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Pedagogy of embodied voice: reflective arts performance in special needs and teacher education

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Thesis type
(Thesis) Ph.D.
Date created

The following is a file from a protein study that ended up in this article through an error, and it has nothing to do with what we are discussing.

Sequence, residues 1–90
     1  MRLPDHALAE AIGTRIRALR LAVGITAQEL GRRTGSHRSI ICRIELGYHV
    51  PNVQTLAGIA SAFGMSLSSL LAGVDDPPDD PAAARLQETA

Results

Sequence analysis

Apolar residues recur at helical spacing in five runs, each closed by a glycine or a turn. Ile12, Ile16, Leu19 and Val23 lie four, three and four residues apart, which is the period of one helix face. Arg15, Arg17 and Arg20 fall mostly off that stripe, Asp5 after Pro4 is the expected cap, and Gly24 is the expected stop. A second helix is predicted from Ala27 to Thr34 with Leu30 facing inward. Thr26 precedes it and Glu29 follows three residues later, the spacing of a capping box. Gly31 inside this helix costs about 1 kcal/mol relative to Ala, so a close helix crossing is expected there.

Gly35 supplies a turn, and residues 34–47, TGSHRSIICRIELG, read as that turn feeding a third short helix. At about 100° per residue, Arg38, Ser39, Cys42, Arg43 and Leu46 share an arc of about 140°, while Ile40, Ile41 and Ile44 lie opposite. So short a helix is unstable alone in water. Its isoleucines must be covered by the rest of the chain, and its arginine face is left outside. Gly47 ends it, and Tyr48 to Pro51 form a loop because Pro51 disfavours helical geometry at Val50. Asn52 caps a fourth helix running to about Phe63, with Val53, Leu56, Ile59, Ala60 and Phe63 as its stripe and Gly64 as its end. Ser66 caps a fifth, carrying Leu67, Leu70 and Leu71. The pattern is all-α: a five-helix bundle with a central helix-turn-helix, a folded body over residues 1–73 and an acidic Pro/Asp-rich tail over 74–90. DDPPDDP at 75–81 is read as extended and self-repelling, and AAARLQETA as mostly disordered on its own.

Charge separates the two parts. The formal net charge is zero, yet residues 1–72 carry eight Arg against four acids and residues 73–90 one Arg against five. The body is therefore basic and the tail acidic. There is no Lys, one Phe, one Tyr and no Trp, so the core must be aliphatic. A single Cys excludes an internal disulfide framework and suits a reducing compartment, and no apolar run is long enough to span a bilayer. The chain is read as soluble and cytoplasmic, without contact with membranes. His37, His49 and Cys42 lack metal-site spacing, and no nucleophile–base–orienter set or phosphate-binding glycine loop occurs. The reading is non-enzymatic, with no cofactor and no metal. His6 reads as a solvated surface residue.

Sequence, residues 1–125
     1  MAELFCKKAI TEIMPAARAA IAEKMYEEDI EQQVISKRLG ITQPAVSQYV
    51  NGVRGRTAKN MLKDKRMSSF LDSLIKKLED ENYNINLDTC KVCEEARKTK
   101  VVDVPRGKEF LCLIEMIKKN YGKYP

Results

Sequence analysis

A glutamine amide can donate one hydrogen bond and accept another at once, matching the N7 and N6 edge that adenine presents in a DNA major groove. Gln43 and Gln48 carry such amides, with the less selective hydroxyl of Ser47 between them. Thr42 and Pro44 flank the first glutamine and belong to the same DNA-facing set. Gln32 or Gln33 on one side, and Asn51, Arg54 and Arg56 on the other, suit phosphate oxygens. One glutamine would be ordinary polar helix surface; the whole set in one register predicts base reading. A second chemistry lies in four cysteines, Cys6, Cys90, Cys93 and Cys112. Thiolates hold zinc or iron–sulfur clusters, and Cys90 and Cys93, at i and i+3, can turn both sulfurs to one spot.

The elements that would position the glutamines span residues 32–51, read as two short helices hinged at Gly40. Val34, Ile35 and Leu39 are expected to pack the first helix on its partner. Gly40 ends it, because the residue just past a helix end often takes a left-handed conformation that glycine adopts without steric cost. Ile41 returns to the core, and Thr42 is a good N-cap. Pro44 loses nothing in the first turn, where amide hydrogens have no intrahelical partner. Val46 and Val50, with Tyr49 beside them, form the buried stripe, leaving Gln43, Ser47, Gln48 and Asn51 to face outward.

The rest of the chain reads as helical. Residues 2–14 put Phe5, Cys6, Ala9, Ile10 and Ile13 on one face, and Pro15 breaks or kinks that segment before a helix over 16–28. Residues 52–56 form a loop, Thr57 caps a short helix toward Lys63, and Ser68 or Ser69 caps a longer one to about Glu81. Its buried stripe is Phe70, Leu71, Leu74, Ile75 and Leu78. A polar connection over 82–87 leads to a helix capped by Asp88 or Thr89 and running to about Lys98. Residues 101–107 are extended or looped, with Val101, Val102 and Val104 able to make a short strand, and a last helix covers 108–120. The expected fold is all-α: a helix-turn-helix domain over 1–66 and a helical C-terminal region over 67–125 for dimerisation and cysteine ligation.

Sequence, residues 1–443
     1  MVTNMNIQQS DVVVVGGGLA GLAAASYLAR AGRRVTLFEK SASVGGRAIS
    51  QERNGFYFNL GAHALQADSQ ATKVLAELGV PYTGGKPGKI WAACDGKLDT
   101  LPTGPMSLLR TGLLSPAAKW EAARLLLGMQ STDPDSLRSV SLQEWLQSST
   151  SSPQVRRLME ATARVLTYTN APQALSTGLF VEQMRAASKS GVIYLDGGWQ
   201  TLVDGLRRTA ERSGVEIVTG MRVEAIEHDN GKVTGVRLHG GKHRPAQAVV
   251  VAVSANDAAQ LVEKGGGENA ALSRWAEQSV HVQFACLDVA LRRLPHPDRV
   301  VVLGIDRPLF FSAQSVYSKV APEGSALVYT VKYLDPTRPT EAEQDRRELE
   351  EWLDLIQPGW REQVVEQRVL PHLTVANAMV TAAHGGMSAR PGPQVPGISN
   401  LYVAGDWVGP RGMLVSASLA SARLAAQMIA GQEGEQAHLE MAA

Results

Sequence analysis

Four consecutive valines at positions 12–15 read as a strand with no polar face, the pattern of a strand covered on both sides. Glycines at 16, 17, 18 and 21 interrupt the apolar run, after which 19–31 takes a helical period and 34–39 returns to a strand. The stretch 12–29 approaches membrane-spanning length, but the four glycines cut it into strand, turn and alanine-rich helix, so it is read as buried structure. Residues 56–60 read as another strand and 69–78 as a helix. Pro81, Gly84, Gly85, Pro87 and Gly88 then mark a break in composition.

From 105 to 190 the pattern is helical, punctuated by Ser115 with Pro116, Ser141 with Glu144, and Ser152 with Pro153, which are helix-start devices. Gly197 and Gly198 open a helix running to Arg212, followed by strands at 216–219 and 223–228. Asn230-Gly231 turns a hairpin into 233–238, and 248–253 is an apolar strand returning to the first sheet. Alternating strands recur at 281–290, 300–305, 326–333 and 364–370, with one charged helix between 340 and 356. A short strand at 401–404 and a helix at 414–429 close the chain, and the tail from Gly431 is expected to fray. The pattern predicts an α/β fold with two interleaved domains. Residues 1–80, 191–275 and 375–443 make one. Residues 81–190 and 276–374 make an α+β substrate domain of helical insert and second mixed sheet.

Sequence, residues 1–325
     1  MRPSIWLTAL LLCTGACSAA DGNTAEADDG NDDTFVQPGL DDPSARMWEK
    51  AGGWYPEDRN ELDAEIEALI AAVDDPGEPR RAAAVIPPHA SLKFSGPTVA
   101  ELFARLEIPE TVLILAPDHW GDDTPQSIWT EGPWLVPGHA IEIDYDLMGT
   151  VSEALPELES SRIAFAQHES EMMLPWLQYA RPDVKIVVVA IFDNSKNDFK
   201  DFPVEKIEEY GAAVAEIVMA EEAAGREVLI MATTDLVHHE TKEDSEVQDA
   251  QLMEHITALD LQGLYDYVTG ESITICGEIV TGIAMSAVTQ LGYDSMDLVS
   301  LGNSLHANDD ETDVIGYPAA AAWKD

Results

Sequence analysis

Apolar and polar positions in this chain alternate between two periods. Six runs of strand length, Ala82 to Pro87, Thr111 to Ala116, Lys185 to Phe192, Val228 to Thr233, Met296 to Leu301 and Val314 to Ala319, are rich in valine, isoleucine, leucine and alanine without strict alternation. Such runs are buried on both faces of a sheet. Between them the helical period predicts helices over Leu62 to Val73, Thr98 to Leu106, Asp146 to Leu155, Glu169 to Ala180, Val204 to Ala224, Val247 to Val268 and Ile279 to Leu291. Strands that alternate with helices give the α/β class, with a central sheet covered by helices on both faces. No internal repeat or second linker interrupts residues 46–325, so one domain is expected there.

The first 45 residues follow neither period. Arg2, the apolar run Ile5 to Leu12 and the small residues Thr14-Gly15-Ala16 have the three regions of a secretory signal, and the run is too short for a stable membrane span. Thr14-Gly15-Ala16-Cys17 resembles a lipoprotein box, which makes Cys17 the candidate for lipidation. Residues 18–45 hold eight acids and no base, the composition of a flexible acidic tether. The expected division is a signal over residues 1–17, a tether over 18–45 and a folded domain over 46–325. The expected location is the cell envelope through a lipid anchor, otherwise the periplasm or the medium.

Abstract Embodied voice emerges through narratives of many texts including performance of reflective, vulnerable pedagogy of aesthetics in daily living and learning. In this thesis, I share my fictional and non-fictional autobiographical narratives while questioning teaching practices and re-viewing blurred borders between self-made definitions of educator, learner, and researcher. With undergraduate university education students, I share narratives of my work with special needs children as I explore invested reflective silent spaces in re-listening and re-hearing beyond fringes of the teacher/student relationship. These silent spaces evoke from the students more narratives of vulnerability, self-reflective re-hearing with image and sound, multi-layered storytelling performed in separate and shared living landscapes. I (re)search through musical forms and non-forms in landscapes at my ocean home accessing nuances of motion and emotion through embodied rhythms of breathing while absorbed in photographic imagery, flute playing, swimming, and writing. As I demonstrate processes of reflective arts practices, I invite my students to assume responsibility for their positioning in aesthetic spaces, in expected and unexpected sources of voice, in silence between embodied sounds and sound imagery of many layered texts in our separate and shared landscape. I invite critical reflection in sources of embodied voice in moments of creating and performing where students risk new portals of aesthetic expression in vulnerable, often discomforting, and always unresolved processes of learning, knowing, and feeling.
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